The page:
The Prime Minister Boris Johnson has promised on Thursday a £700 million of funding for the Sizewell C nuclear power plant which is expected to be built with EDF and could power around six million homes.
Vladimir Putin’s war in Ukraine has driven gas and electricity prices to record highs with no sign of the soaring costs to come down any time soon, which has prompted Johnson to create a nuclear generation as capacity is now needed in the UK.
He said that if the nuclear power plant was operating now then this “would be cutting our national fuel bills by £3 billion” for millions of households across the UK.
Johnson said in his final major speech as Prime Minister, “We need to pull our national finger out and get on with Sizewell C.
“That’s why we’re putting £700 million into the deal, just part of the £1.7 billion of government funding available for developing a large-scale nuclear project to final investment stage in this Parliament.
“In the course of the next few weeks I am absolutely confident that it will get over the line.”
He added that it would be utter “madness” not to proceed with the nuclear power project which will “fix the energy needs, not just of this generation but of the next.”
In a message to the next new Prime Minister who will take office in Downing Street next Tuesday, he said, “I say to you, with the prophetic candour and clarity of one who is about to hand over the torch of office, I say go nuclear and go large and go with Sizewell C.”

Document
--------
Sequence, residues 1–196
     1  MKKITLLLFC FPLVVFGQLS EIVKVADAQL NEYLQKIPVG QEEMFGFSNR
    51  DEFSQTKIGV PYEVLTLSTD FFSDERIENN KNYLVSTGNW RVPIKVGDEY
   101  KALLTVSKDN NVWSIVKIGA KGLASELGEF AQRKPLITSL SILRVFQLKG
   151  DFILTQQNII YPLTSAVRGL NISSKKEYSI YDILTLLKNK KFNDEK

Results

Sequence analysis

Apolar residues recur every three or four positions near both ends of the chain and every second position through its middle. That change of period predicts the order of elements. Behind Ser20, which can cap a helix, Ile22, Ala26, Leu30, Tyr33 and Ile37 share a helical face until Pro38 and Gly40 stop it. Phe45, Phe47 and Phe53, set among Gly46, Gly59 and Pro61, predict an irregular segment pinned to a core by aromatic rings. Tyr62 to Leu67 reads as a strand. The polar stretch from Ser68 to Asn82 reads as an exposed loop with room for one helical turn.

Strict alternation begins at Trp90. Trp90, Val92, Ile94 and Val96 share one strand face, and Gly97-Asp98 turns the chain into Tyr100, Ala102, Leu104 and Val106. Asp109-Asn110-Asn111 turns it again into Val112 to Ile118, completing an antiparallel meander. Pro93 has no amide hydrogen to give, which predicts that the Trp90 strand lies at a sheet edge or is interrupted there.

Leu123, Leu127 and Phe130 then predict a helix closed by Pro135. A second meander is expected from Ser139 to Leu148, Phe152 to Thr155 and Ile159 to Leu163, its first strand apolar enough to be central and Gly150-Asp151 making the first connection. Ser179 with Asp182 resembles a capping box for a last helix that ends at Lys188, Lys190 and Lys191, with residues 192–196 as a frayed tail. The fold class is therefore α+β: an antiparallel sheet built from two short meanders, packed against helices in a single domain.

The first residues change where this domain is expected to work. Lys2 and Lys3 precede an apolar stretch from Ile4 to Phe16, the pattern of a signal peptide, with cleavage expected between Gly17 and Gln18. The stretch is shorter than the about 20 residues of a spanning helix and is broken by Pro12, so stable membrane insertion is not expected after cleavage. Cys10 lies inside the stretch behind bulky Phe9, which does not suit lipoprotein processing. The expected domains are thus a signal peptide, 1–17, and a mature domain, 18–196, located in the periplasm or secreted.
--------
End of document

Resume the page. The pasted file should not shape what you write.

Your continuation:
The GMB Union described the Johnson’s announcement today, that the government will invest £700m in Sizewell C as a “belated step in the right direction.”
After years of delays, Ministers today pledged firm support for the new £30 billion reactor in Suffolk.
But the union warned the skills gap must be addressed if further progress on vital new nuclear reactors is to be addressed.
Andy Prendergast, GMB National Secretary told LondonLovesBusiness.com, “Today’s decision is a belated step in the right direction – but it should have happened years ago.
“With energy prices going through the roof and all bar one of our nuclear power stations due to go off line by the end of the decade, this does at least provide some assurance on our energy security.
“Years of political failure to make the right decision on new nuclear means we are woefully unprepared for the energy crisis facing us today.
“This same inertia has resulted in a failure to secure our domestic gas supply
“The real-world consequences of this lack of political courage are higher bills and risk of blackouts this winter.
“The Government must grasp the nettle and commit to the other vital new reactors we – such as Wylfa in Wales – and make sure we have the skilled workers required.”
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